One thing that should be mentioned is that the jump mechanics take a lot to get used to. Depending on how you jump you get either a more or less standing jump with slow horizontal velocity/reach, or a diagonal somersault jump with high horizontal velocity that can be difficult to control. You'll get used to it eventually, but for me it still caused the occasional death on spikes (which don't insta-kill, but the short invulnerability window + damage knockback can combine to make it hard to get back to safety, especially if you start panicking and mashing the jump button which will lead to you effectively stun-locking yourself until death.)
Post edited August 23, 2019 by kalirion
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LiefLayer:
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Cavalary: Think there are some "include me"s missing from the last few people posting lists :) Or you didn't want to be included in the OP?
You missed my entries....:(

But feel free to add me to the OP if you want as well. :)
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GameRager: You missed my entries....:(

But feel free to add me to the OP if you want as well. :)
Was referring to those who posted lists, which are what the OP links to. And the OP isn't mine, was just reminding those showing up on the thread recently of SCPM's request for those who wanted to be added to it.
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GameRager: You missed my entries....:(

But feel free to add me to the OP if you want as well. :)
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Cavalary: Was referring to those who posted lists, which are what the OP links to. And the OP isn't mine, was just reminding those showing up on the thread recently of SCPM's request for those who wanted to be added to it.
Ok then, my bad and no worries then. :)
Two nice games somewhat marred by their frustrating end sections:

The Tale of Fur and Frost (NWN module)

A shorter (3-4h?) adventure with a good setting for rangers or druids, debut model by QuenGalad, and it's a pretty good debut, highly polished, well written, neat area design, several interesting little side stories, Terry Pratchett cameos, what's not to like? Sadly, there is a huge difficulty spike at the end and the last boss fight was more like tedious work then fun, so boring and annoying that it made me lose some of the previous enthusiasm I had for this module, which is a shame, since it's clearly a labor of love.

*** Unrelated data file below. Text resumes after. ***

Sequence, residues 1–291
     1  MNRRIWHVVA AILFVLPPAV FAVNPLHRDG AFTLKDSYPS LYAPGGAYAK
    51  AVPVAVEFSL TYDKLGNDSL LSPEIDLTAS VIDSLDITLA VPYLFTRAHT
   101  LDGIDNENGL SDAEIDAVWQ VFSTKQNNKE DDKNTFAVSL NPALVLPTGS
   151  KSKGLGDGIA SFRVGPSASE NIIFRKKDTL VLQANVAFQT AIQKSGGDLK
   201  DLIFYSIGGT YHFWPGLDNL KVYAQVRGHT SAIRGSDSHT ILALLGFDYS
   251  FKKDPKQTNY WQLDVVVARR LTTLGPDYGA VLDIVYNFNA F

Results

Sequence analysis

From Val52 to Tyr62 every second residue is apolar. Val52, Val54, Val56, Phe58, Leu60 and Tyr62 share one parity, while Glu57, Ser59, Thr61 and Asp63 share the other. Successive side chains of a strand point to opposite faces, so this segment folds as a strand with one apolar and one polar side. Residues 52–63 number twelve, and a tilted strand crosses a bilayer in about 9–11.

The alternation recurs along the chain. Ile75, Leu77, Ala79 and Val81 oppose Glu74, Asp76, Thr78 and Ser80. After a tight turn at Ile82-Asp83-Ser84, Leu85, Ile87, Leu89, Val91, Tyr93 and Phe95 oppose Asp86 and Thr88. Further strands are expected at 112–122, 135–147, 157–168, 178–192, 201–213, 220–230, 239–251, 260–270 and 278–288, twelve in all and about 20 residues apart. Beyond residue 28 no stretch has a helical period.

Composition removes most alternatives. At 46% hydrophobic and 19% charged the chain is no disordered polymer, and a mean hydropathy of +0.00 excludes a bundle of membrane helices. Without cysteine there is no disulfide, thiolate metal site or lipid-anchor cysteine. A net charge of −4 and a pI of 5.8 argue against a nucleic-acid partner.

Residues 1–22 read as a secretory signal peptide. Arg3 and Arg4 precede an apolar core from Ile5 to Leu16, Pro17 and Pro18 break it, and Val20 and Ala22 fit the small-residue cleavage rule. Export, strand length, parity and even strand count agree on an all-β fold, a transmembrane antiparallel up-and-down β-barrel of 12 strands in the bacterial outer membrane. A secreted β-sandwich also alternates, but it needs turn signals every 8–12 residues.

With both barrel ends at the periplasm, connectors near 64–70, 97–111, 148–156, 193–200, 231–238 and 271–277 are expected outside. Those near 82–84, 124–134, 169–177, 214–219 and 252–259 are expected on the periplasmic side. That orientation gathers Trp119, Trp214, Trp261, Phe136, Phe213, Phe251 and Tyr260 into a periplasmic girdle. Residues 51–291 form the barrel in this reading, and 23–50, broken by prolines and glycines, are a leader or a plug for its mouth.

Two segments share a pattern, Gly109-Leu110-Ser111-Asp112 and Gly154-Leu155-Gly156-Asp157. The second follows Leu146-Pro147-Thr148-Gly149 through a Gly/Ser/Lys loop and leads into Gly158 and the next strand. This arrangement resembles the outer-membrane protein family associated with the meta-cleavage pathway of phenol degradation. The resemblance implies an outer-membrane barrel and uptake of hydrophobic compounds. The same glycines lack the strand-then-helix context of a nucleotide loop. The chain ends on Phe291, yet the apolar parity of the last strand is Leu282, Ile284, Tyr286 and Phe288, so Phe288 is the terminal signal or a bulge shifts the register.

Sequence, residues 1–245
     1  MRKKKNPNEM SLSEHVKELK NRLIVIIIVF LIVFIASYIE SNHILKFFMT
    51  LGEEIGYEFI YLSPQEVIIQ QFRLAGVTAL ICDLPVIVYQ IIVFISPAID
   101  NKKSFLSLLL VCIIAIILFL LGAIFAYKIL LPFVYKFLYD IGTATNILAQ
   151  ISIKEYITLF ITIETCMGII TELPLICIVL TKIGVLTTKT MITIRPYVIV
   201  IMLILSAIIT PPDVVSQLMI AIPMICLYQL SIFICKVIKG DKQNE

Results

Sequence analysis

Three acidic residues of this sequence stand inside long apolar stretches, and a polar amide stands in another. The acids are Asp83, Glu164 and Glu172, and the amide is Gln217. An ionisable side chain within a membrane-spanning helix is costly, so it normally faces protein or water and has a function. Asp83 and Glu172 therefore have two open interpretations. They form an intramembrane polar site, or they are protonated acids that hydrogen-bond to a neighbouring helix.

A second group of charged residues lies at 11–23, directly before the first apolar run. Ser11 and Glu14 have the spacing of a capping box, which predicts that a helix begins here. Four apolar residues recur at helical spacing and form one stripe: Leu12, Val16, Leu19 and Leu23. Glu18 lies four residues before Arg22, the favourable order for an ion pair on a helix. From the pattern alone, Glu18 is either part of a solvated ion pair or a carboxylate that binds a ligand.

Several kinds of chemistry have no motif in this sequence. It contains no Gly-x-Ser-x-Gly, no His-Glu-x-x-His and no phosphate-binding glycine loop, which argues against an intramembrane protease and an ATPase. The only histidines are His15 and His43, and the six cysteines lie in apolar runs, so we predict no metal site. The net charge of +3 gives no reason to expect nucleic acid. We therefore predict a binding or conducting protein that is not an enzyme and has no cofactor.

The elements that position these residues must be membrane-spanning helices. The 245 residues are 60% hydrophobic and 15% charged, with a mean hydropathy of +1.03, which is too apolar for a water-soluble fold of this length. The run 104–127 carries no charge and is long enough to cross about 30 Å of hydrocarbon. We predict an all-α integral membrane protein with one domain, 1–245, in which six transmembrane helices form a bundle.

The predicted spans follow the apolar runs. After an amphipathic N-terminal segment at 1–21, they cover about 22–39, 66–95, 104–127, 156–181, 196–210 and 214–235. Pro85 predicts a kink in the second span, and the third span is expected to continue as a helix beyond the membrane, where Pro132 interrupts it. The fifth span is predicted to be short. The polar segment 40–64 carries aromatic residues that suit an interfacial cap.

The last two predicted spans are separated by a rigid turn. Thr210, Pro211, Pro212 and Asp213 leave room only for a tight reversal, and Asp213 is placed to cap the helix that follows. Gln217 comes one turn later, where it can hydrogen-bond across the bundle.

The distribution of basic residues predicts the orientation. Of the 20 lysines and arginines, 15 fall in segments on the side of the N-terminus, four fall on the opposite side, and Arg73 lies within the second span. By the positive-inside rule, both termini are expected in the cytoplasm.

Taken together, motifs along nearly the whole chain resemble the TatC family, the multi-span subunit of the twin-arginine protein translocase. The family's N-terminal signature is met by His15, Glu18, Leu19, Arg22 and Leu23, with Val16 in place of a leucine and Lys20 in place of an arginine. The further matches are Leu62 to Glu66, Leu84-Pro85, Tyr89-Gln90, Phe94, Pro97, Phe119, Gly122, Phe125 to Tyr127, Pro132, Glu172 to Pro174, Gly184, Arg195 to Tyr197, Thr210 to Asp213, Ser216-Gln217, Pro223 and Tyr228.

Q.U.B.E. 2

Mostly easy puzzles, but I liked never really getting stuck and finding the solution for every puzzle within a couple of minutes, constantly moving forward. The mechanics work nicely, most of the time, and are fun to play around with. The area design is simple but stylish. There is a bit of a story to it and some voice-acting, it's alright, not all that interesting and the story-telling a bit so-so, but you'll mostly play this game for the puzzling anyway, not for the story. One thing that might bother some players is that you can't speed up and run, you always walk at the same speed. But that was alright with me, you don't have to walk *that' much, and you quickly get used to it.

What's worse is that apparently depending on your FPS, physics can behave differently sometimes, and that is the reason why I wrecked my brain over the last puzzle in the game until I gave up and checked a walkthrough, only to find out that I already had the right idea, but it didn't work cause my game was bugged. I kept falling of a block that I should have been able to stay on, and I found out that others have had the same issue and fixed it by restarting the puzzle. Since I didn't feel like doing that, I just watched the end sequence on YouTube. Also, there is only one savegame, and two endings, but I suppose you can see both by repeating the last chapter or puzzle (chapters can be chosen directly from the main menu, once unlocked by completion).
Post edited August 24, 2019 by Leroux
AL1: Siege of Shadowdale (NWN module)

Waiting for the enhanced Tyrants of the Moonsea to appear on GOG, I took the opportunity to play through the author Alazander's first module from 2002. Seeing that it's one of the early modules created not that long after NWN's release and Alazander was still learning the ropes, it is a bit more basic and "vanilla" than later Hall of Fame modules, and the story is your average D&D Forgotten Realms fare with some shorter dungeon crawls, but that doesn't mean it's not well made or entertaining. I enjoyed playing through it (estimated time 4-6 hours, taking my new cleric from lvl 1 to 7), and found it to be very polished (with the exception of one bug duplicating a mighty foe at the very ending of the game, but for reasons I won't spoil here it didn't make much of a difference).

I had one minor gripe, and that is that I missed the opportunity to conclude two optional side quests, in one case because the character needed to solve it was hidden in a corner of an otherwise pretty bare map that I had no reason to explore inch by inch (and the character would only appear when getting very close, could not be seen from far away), in the other case because I think the item needed was unidentified and I had no means to identify it myself (despite having good Lore skills), so it would have required some serious and tedious backtracking to town, after I found the item deep down in a bigger, linear dungeon. So I moved forwards instead, thinking there would still be an opportunity to identify and deliver it on the return trip, but at the end of the game, I had the item but no chance to deliver it anymore. Oh well.